Finnish Company Launches Ethanol Production

Lannen Tehtaat has conducted a feasibility study on the launching of ethanol production primarily for use as transportation fuel in western or southwestern Finland. The study shows that it would be possible to produce ethanol for fuel in Finland on a profitable basis if integrated with the animal feed industry.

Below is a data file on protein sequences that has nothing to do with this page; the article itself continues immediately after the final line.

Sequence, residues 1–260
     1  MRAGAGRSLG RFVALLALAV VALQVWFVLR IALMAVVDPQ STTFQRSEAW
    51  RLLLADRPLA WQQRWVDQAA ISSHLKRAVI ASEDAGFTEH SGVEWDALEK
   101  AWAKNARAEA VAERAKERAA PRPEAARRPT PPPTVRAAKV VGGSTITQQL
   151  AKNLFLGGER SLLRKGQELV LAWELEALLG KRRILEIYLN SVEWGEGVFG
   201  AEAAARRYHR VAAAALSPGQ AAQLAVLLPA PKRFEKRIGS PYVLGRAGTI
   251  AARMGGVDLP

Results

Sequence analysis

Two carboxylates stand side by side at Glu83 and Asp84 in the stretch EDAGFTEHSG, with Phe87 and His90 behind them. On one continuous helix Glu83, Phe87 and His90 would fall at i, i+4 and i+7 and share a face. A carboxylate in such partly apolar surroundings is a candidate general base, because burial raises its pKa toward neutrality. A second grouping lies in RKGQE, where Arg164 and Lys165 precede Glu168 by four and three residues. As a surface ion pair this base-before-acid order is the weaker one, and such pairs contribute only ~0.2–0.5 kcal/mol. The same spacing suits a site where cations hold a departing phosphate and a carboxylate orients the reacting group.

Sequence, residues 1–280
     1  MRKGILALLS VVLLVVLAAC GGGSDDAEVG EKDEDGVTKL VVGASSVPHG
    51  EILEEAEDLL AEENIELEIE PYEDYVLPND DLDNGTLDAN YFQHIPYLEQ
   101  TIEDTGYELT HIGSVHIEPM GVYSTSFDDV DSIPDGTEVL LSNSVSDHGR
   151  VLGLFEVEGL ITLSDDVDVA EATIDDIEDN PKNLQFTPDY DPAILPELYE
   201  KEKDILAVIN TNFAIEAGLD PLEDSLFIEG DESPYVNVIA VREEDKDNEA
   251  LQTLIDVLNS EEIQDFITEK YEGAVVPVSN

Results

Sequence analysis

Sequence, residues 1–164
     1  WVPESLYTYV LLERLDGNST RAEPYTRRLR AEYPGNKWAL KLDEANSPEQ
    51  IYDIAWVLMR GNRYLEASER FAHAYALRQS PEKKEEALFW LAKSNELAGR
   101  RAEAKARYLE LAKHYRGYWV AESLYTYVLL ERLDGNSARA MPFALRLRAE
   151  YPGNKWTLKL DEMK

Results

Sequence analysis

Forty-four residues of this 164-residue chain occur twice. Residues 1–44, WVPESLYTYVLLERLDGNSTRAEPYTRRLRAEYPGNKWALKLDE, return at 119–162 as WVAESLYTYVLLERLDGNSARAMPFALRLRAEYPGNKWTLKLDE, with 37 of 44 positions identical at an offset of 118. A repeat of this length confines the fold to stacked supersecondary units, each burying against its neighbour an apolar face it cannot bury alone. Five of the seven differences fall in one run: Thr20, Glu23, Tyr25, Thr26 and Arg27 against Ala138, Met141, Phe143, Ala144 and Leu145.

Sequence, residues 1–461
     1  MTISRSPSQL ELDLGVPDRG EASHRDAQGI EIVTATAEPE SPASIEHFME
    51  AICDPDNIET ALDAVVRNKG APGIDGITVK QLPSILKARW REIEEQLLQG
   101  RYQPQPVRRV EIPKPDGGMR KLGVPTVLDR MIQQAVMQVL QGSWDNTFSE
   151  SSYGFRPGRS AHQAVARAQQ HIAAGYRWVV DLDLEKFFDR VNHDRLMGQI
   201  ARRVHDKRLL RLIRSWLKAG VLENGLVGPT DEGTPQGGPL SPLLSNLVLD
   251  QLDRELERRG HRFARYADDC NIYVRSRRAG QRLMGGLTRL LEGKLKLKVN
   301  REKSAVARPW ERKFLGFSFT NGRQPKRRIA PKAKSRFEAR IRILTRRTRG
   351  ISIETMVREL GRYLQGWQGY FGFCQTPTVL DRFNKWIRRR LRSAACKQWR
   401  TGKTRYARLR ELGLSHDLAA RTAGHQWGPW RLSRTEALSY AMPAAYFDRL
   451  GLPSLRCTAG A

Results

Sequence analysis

This region of Finland has sufficient barley-growing farming capacity to supply raw material for an ethanol plant. The region is home to one of two main pig-farming areas, as well as animal feed factories that could use some of the byproducts from an ethanol plant as raw material. The preliminary plan involves the ethanol plant producing 66 million kilos (83.5 million liters) of ethanol per year. This could generate 100 million kilos of animal-feed byproducts. The tentative cost estimate of the investment is EUR 45 million [USD$ 54.6 million]. The net turnover that could be generated from the ethanol and animal-feed fractions produced is some EUR 50 million [USD$60.7 million] at current prices. The company would employ about 40 people, and production could begin halfway through 2008. Important factors for the location of the ethanol plant are the availability of raw material (barley), transport costs, sale of animal-feed components, and transport distances from the plant to livestock farms. Sakyla is a favorable location in view of all these factors. Shipping is important for ethanol deliveries, and Rauma port is sufficiently close to Sakyla to ensure competitive sea transport. Following the preliminary studies, Lannen Tehtaat has decided to conduct an environmental impact assessment (EIA) for the factory investment in Sakyla, which is required. Ethanol production in Finland can only be profitable if it uses domestic raw materials. The capacity of Finnish agriculture to respond to the demand for barley is limited. The release states that estimates of 250,000 tons of barley can be acquired for ethanol production without the increased demand causing significant pressures on raw material prices. If the production of barley-based ethanol were to increase significantly from that which is now planned, the increased demand would raise the price of barley and undermine the profitability of ethanol production.
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